Even when Spike Lee’s films fail, they always have a fascinating quality to them that’s difficult to describe in words. This sensation is apparent as early as the opening credits in Da Sweet Blood of Jesus, which features an oddly earnest sequence of slow-motion break dancers. It’s a vision that, like a lot of interpretive dance, is both excitingly strange and embarrassingly awkward. That compromised tone is relentless for the entirety of the film’s run time, to the point where it’s difficult to say which reaction rules over the other-excitement or discomfort.
Da Sweet Blood of Jesus is the story of a wealthy black scholar in an all-white community who just happens to be a blood-sucking vampire. Lee is heavy on the vampire genre’s inherent draws: gore, sensuality, religious iconography, and spacious room for metaphor (among others here, he suggests that as the most violent nation in the world, the US is a blood-based society). He also makes room a compelling romance between the central vampire and a no-nonsense woman who says blunt things like “I don’t believe in ‘if’s. If I had two balls & a dick I’d be a bloke. Fuck ‘if’s.” None of these elements ever really come together to form a satisfying whole, though; they just kind float around in individually. The effect is persistently odd.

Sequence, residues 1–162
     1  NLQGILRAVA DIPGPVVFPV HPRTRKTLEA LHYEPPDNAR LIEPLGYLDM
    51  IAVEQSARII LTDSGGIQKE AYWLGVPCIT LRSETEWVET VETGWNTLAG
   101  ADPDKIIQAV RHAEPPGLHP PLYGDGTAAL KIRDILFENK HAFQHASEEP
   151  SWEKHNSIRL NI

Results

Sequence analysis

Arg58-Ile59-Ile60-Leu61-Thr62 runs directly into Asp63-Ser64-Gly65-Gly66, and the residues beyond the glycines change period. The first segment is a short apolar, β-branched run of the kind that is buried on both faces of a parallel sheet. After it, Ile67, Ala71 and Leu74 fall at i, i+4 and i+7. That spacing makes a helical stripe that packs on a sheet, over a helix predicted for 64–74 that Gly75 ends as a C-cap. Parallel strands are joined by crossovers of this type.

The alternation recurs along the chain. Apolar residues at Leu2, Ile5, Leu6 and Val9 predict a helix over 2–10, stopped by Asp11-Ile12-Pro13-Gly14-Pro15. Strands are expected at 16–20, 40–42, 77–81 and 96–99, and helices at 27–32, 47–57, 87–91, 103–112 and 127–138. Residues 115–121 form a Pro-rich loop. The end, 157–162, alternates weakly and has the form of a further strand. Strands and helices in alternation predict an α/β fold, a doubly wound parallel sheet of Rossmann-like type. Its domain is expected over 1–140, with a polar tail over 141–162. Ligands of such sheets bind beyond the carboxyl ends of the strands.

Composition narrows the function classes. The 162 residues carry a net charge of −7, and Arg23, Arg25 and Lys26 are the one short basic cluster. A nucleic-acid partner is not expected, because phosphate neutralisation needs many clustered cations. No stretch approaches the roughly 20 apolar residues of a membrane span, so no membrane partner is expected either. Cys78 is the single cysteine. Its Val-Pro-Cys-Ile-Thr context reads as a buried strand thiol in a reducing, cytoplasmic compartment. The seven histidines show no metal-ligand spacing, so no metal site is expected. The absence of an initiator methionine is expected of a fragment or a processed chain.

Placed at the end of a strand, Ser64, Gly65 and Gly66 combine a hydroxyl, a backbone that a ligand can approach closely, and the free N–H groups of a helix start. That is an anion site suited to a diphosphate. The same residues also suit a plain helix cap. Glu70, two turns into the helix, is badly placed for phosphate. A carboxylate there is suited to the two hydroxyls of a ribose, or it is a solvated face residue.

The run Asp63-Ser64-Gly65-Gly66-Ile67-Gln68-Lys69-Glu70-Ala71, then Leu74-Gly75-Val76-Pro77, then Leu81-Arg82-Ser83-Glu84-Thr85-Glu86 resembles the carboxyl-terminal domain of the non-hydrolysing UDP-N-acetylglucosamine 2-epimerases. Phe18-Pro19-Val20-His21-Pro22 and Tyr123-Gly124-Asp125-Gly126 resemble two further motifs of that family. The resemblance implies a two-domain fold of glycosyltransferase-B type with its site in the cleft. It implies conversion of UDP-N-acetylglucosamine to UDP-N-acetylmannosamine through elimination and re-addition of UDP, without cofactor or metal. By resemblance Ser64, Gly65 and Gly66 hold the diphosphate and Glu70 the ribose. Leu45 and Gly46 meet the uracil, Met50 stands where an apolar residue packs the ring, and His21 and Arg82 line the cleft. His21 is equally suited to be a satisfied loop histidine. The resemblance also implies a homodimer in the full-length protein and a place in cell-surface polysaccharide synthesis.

The oddest aspect of all is that Da Sweet Blood of Jesus is actually a faithful remake of an even more inscrutable film: 1973’s Ganja & Hess. Unfortunately for Lee, Ganja & Hess (although nearly 40 years older) feels like a much more naturally bizarre & experimental, especially in its bold sexuality bucking of racial expectations. In remaking the film, which has a very quiet reputation, Lee has done little but remind the general public that it exists and it is awesome. Capturing Ganja & Hess’s magic in a bottle proved itself difficult and the results are mixed, but at least he’s getting the name of that weird little cult film back out there in the world. Ultimately, though, I would have rather have seen what an original idea for a Spike Lee vampire movie would’ve been instead of a restaging of a film that already worked on its own terms.
Side note: It was super cool to see Felicia Pearson (who played Snoop on The Wire) in a feature film and she delivers the best line uttered by anyone here: “Champagne for my real friends, real pain for my sham friends.” Words to live by, Snoop. Now if every movie producer out there could start casting her in everything they make ASAP I would be much obliged.